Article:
What does it take to get banned from a transit system?


(Robin Weiner/AP)

What would it take to get banned from a transit system? Travelers in California are about to find out, thanks to a new policy that will go into effect next week.

The Bay Area Rapid Transit system, which serves San Francisco and Oakland, will be able to ban people for several offenses. The San Francisco Chronicle runs down the list of what could get someone banned:

— Arrested or convicted for a misdemeanor or felony on a train or BART property for acts or threats of violence on passengers or employees, lewd or lascivious behavior or possession for sale of a controlled substance.

— Convicted of entering or remaining on BART property to hinder the operation of a train.

— Cited at least three times within three consecutive months for willfully disturbing others with unruly behavior, carrying hazardous materials in a station or on a train, urinating or defecating on a train or in a station, intentionally blocking another person’s free movement or defacing BART property with graffiti or other materials.

Bans can last from 30 days to a year. The names and photos of banned riders will be sent to agents at every station in the BART system.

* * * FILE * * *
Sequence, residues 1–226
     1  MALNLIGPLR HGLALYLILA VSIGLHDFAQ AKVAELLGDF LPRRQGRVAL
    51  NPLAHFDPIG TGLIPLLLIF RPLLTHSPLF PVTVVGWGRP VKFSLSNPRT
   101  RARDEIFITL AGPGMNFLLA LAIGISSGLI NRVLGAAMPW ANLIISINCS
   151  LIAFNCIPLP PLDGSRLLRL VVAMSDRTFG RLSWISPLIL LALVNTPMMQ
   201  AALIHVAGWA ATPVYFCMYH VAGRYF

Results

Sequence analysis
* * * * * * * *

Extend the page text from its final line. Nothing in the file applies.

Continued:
So could Metro do something similar and give riders the short-term boot? The short answer is no, though it can refuse to transport people for a variety of reasons.

Metro has no rule in place governing bans, nor are there any plans to add such a rule, according to Metro spokesman Dan Stessel.

That being said, Metro does have guidelines in place that dictate when the transit agency can refuse service. They’re right here in the agency’s tariff:

Metro reserves the right to refuse to transport a person or persons under the influence of intoxicating liquor or drugs, or whose conduct is such, or likely to be such, as to make that person objectionable to other persons.

The tariff outlines what travelers cannot do, including the obvious (no smoking in stations, buses or trains), the well-known (no eating or drinking within the system) and the inexplicable (you can’t carry any acids, reptiles or birds, which is obviously a bummer for people who like commuting with their parrot).

So the next time you think about commuting without shoes (also a no-no), remember that you may not be allowed to board a bus or train. You can read the full list of prohibited behaviors here (on pages 18 and 19).

As for travelers in the San Francisco area, BART can begin issuing bans on Monday. Riders who are banned can request a hearing and could have their bans overturned if it seems like the traveler didn’t understand what they were doing or couldn’t control it.

What behavior do you think would warrant being banned from Metro? Traveling with a parrot, sure, but what else? Let us know in the comments below.

Mark Berman is a reporter on the National staff. He runs Post Nation, a destination for breaking news and developing stories from around the country.
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